I can’t even tell you how long it has been since we were promised a machine that can play NES, SNES, Famicom, Super Famicom, GBA and Genesis. Over the past year we’d get closer to the dream only to have it torn from us time and time again. After the second or third delay, blogs sprouted all over the internet asking Hyperkin for answers and bloggers even showed skepticism that the system would be released at all. The tone is changing, however, and it feels as though all of that (plus a last minute $40 price increase) is forgiven and Hyperkin’s Retron 5 is being met with excitement from fans of classic gaming.
Half emulation machine, half clone console, the Retron 5 boasts a 720p output, save states, periodic console updates and the ability to use the ACTUAL ORIGINAL CONTROLLERS on the system, just like nature intended.
The overall design is nothing fascinating. It is made of a shiny plastic and feels very flimsy. Shoddiness is something that is expected for all clone consoles but for one with a $140 price tag it is disappointing and a little infuriating considering the original goal was to keep it under $100. Sometimes just removing a cartridge from its impossible grip makes you feel like the casing is going to break.
Famicom, NES, SNES and Genesis games are loaded on top so this is a very long console and it takes up a lot of room. The GBA slot is on the front of the console where one might imagine a controller port would be.
It should be known that this is more of an emulation machine than anything a straight up clone console. Insert a game and it loads in seconds, allowing you to backup game data within the system’s 1.2 gb internal memory or to an SD card. However, playing a game requires you to have the cartridge inserted at all times and, unlike a clone console, only one game may be inserted at a time. Games can be removed while on the main menu screen and a new game can be inserted and played without having to turn the console off and on again.
The Retron 5’s looks and sounds are spectacular. Retro games look great in HD, displayed with superb, vibrant colors and gives the player video filter options which can be used to fine tweak a game’s appearance to one’s own liking. There also exists an audio enhancement option which makes the music and sound effects sound almost as if you were playing a more modern remake. Any video lag can be remedied by adjusting the console’s settings and making sure your TV is in video game mode.
One of the greatest selling points for the Retron 5 is the fact that there are two controller ports for each system and the original systems’ controllers are compatible. The ports are on the sides of the console. Bundled with the system is a Bluetooth controller. The controller design is good enough for casual gaming sessions: 6 face buttons, 2 shoulder buttons and a micro chipped joystick whose constant clicking is more annoying than it is satisfying. A d-pad is lacking from the controller design which is unfortunate because it is preferred over the joystick for almost all games the Retron 5 supports. Unless you don’t own the proper controllers or are forced to sit far away from the console, the original, old controllers are your best bet. Turning on the console with the bundled controller is unfortunately a feature left out.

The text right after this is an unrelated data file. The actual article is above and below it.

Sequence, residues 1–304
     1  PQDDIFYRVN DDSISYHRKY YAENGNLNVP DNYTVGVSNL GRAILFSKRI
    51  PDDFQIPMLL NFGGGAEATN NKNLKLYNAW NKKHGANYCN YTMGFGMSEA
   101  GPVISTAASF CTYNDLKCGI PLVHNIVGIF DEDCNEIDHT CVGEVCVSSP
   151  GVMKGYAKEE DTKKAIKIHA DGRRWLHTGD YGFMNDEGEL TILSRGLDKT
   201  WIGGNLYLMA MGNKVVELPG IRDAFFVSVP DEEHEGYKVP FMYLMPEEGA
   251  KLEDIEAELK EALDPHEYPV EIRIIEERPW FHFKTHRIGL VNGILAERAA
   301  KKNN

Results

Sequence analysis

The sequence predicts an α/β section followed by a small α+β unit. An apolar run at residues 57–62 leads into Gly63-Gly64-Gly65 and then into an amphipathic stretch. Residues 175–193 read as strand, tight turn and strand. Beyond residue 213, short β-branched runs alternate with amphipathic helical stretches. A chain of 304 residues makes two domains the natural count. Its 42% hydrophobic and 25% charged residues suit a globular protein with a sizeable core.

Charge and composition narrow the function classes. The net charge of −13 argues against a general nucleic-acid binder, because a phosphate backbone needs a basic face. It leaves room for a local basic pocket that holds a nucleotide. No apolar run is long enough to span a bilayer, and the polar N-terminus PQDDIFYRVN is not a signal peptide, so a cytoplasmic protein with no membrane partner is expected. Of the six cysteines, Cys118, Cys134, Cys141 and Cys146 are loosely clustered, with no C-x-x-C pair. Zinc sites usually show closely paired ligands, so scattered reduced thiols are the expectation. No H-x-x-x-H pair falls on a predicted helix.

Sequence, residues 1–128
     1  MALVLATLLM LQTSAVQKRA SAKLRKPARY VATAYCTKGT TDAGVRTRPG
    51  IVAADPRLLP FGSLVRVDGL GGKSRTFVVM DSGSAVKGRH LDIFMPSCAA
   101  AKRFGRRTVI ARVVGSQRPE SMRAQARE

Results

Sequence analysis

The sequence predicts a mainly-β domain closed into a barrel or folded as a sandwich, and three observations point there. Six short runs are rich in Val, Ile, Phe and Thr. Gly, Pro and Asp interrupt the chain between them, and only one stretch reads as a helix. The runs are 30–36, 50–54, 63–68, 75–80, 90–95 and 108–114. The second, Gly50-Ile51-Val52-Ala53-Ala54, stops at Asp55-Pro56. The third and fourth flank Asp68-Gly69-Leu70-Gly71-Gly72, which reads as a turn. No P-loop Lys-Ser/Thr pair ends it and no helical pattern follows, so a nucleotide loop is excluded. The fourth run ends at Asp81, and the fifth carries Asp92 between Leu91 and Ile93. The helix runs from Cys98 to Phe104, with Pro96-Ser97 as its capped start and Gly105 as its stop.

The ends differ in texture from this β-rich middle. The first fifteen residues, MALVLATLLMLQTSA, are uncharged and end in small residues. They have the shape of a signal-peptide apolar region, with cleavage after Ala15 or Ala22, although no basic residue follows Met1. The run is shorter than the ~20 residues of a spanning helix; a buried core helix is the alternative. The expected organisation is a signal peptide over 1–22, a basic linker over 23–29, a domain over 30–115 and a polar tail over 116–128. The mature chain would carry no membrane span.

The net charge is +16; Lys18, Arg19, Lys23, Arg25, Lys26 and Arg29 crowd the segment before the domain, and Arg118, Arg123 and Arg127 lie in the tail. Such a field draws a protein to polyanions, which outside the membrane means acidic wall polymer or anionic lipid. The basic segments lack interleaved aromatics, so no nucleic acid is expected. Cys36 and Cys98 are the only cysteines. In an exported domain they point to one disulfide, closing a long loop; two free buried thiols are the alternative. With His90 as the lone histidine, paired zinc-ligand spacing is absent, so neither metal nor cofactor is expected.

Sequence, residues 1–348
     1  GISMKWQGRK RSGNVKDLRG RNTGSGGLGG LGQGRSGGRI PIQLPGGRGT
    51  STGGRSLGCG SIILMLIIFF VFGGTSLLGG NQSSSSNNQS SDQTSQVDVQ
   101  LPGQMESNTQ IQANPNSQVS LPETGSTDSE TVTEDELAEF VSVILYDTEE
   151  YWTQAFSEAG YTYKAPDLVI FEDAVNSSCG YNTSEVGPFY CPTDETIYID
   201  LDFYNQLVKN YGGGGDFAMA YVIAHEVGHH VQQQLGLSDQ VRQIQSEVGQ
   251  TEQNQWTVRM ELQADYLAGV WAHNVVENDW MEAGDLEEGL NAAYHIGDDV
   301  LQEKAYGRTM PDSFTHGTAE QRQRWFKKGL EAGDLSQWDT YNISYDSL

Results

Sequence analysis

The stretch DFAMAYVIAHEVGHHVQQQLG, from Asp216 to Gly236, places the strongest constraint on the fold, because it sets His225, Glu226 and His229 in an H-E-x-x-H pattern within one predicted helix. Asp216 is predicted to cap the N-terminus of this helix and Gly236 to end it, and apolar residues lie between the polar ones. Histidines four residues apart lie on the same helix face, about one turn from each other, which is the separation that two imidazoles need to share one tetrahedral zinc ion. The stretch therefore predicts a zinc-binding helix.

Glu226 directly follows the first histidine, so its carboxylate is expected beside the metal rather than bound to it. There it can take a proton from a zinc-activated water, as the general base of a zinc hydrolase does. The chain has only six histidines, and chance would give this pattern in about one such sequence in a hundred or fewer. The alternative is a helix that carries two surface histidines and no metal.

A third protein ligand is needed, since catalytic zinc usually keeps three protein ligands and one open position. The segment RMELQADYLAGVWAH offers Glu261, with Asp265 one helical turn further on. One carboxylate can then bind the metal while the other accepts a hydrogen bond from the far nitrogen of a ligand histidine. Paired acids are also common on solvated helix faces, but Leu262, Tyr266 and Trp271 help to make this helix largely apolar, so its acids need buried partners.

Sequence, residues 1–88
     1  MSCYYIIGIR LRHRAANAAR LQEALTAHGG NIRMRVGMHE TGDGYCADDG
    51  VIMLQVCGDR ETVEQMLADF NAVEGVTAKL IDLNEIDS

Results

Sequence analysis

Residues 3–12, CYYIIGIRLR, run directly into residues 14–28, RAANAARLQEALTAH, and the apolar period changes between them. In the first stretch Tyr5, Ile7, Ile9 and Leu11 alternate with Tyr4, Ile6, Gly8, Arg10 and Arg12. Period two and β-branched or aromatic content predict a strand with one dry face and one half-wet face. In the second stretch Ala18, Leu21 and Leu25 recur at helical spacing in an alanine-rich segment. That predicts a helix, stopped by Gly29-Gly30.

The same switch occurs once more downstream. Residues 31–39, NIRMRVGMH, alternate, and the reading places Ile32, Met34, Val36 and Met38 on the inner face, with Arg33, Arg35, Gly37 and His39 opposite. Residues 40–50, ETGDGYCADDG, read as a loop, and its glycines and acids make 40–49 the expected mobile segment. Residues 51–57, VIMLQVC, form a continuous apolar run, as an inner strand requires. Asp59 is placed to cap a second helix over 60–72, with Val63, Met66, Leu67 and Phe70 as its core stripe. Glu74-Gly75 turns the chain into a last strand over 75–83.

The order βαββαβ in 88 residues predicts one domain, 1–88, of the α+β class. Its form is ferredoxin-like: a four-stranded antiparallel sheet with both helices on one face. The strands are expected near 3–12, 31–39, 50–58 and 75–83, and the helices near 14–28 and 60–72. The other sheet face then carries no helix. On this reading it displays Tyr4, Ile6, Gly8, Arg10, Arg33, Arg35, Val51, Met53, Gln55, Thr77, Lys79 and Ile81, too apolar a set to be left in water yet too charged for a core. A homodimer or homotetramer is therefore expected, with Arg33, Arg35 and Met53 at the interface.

Hyperkin’s goal was to make the Retron 5 as close to %100 compatible as possible and, for the most part, it is. There is a lot of talk that it cannot play unlicensed games but I have tried it with four different Wisdom Tree games and they all worked without issue (a miracle?). Hyperkin wanted us to be able to play 8 and 16 bit era games on our HDTVs in a way that we could not before and this was achieved impressively. But in this achievement lies a big compatibility problem. It ONLY plays in HD which it does via HDMI. There is no AV output. This means that light guns which rely on CRT TVs for their functionality are useless. For the layman: You can’t play Duck Hunt with a Retron 5. SNES’s Super Scope is useless as well.
Each game loaded into the Retron 5 has the ability to use save states. There are ten allowed save slots per game which can either be loaded from the system’s internal memory or an SD card. This feature works flawlessly.
Since the platform does not connect to the internet, updating is a little bit of a chore. It requires you to load an “update request” from the Retron to an SD card and downloading the latest firmware update from your computer, saving it to the same SD card. You then have to put the SD card back into the Retron and install the update. Overall, it’s a simple procedure with only a little bit of running back and forth. It is well worth it.
Retron 5 gives you the option to use cheat codes by downloading them from Hyperkin’s website onto an SD card and inserting that card into the back of the system. It’s a lot like using a Game Genie. The cheats work, however, sporadically. Sometimes they work fine and other times they don’t do anything. On a few occasions all they did was cause strange and bizarre glitches.
A gaming purist may insist these machines rob us of something intrinsic, something that can only be experienced through playing the original games on their original platforms. When considering the Retron’s abilities and add the original control pad support, it is clear that this machine takes us as close as we can get in this an age when the NES in the attic has more issues than a simple pin connector can solve. Not to mention the fact that CRT TVs may only be in antique stores one day soon. Ultimately it is up to the consumer to decide whether or not it is worth it to drop such a heavy price on an emulation machine.
The Retron 5 is far from perfect but a lot of bugs managed to get fixed with the first update. Hopefully, with more updates to come, Hyperkin will allow the newest Retron to live up to its hype and we won’t feel cheated for having waited so long.